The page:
The surprising potential of new storage methods is creating big opportunities in renewable energy. We look at where the sector is headed.
Electricity used to be like mains water – consumers had no say in where it came from and prices were dictated by a handful of retailers. But as the world slowly moves towards a clean-energy future, rapidly advancing technologies in wind and solar generation, along with battery storage, are giving households and businesses the power to generate and store their own electricity, signalling a seismic shift in how the nation keeps the lights on.
Dealing with Disruption
The advent of disruptive technologies, including massive improvements in battery capacity and manufacturing costs, are delivering improved on-demand supply and making home solar power more cost effective than ever before.
The cost of a solar-panel system is less than a quarter of what it was a decade ago and competition for the home-battery market is fierce. Tesla is leading the charge with its Powerwall lithium-ion battery units, which have 13.2 kilowatt hours of storage, while Panasonic’s smaller 5.2kWh battery, using similar technology, is also claiming a stake in the market. Another player, California-based Enphase Energy, says it received orders for 60,000 of its 1.2kWh batteries within two weeks of hitting the market last year.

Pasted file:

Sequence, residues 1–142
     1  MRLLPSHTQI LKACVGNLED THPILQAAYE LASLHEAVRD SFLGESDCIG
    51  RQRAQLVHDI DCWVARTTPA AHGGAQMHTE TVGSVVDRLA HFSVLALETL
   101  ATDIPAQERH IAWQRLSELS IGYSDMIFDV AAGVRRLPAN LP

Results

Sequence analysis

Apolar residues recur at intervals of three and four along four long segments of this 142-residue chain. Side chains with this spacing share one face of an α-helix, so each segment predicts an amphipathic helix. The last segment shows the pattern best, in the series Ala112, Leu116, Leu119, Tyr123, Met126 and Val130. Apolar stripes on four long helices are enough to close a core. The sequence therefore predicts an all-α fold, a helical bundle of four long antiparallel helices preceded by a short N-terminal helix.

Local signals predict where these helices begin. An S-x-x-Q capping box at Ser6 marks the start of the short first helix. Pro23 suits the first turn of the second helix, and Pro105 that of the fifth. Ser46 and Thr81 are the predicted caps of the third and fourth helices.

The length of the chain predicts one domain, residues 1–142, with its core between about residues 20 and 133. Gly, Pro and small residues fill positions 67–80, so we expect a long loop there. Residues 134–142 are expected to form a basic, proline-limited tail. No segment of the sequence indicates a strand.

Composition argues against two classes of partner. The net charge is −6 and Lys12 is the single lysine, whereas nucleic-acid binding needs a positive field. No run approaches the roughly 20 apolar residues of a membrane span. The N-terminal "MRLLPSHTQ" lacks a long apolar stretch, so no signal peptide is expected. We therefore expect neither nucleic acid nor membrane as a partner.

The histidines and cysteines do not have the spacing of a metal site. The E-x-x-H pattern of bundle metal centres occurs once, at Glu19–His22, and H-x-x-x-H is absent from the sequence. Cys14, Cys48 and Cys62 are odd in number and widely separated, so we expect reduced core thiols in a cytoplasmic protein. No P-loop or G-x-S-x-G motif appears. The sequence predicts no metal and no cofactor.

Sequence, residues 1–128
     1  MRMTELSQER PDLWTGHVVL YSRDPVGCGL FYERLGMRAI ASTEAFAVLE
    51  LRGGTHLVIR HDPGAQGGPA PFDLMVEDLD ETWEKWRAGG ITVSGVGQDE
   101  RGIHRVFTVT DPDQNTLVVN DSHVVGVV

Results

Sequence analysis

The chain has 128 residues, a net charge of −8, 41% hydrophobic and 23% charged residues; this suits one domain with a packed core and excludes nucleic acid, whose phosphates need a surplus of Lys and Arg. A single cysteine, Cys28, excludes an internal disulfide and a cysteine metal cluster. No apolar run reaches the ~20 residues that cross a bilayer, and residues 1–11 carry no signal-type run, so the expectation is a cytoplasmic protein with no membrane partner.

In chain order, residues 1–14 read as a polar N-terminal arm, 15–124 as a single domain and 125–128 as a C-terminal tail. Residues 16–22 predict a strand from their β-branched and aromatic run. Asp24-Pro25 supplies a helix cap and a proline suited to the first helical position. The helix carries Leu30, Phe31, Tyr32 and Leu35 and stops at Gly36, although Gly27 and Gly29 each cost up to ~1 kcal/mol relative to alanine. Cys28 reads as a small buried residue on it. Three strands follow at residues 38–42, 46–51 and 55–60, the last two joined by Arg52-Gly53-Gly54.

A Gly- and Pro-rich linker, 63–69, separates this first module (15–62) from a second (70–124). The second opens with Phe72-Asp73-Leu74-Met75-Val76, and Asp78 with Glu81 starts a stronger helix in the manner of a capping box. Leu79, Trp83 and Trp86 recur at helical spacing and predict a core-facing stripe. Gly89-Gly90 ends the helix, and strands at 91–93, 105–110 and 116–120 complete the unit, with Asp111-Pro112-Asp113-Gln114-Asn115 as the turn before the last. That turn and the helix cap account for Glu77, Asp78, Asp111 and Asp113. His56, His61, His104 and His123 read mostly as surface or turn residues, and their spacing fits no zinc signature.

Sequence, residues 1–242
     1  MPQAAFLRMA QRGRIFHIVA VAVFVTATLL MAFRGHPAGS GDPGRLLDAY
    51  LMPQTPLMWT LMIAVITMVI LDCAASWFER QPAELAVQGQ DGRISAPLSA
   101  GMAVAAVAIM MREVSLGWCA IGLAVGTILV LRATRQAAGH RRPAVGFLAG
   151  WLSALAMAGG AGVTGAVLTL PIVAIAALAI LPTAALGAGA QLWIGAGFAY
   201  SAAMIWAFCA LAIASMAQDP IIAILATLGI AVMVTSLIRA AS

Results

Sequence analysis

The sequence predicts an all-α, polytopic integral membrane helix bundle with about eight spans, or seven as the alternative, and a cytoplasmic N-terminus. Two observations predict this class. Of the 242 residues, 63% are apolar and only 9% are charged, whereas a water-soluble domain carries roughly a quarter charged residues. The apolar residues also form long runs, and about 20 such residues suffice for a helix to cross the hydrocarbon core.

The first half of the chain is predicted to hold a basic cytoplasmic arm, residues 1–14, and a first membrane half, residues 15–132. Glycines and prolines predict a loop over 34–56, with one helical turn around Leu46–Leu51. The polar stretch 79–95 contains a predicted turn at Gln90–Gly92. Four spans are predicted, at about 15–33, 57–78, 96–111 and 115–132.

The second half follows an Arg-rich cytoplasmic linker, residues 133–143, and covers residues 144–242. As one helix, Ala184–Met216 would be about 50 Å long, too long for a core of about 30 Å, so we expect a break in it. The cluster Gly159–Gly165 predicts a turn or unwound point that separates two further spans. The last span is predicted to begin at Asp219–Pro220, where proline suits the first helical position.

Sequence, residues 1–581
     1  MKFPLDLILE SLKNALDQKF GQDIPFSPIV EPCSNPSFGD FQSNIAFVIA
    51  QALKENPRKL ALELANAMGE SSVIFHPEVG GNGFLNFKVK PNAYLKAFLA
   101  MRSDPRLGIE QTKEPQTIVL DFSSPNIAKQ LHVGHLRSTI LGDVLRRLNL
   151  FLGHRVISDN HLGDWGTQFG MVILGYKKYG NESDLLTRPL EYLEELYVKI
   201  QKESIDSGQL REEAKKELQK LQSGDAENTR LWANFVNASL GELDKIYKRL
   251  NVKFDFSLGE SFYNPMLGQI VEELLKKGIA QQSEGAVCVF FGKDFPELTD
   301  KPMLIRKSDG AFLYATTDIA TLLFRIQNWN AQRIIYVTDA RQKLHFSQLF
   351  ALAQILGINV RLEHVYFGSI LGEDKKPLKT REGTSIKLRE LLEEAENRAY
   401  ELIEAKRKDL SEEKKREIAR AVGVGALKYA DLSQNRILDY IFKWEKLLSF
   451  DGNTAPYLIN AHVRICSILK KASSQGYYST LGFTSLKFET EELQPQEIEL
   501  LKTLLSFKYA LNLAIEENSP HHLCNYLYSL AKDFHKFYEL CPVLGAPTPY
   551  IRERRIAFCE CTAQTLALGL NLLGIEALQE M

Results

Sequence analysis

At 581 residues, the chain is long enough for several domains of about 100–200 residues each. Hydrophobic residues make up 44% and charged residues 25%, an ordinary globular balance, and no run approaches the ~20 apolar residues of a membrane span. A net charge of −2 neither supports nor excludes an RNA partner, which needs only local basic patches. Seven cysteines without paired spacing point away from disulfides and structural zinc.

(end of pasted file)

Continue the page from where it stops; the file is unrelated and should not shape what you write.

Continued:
Then there’s Printed Energy Pty Ltd, which is developing paper-thin printed batteries that could be in-built within solar panels within three years. Australian innovator, Redflow, has manufactured a longer-lasting zinc-bromine battery, ZCell, which it plans to target the industrial and telecommunications markets.
Green Power gets Cheaper
In concert with the battery revolution, the Clean Energy Council’s director of smart energy, Darren Gladman, says that solar and wind are now the cheapest modes of power generation that can be built today. And we can expect the energy sector to become less centralised in coming years as small-scale green power generation and battery storage muscle in on the big power stations.
“Home owners have already recognised that solar can help them save on their power bills and, as energy storage units get cheaper over the next few years, these units can maximise the value of home renewable energy investments,” Gladman says.
There’s also a change in the industrial market as well as the domestic. “One of the biggest trends we are seeing from the United States is that big businesses are acting directly to either build their own renewable energy or buy it from a third party such as a wind developer,” Gladman says.
The transition to a new energy future won’t be seamless but with wave of technology arriving in the coming years, the shift is inevitable. And batteries will play a driving force behind that.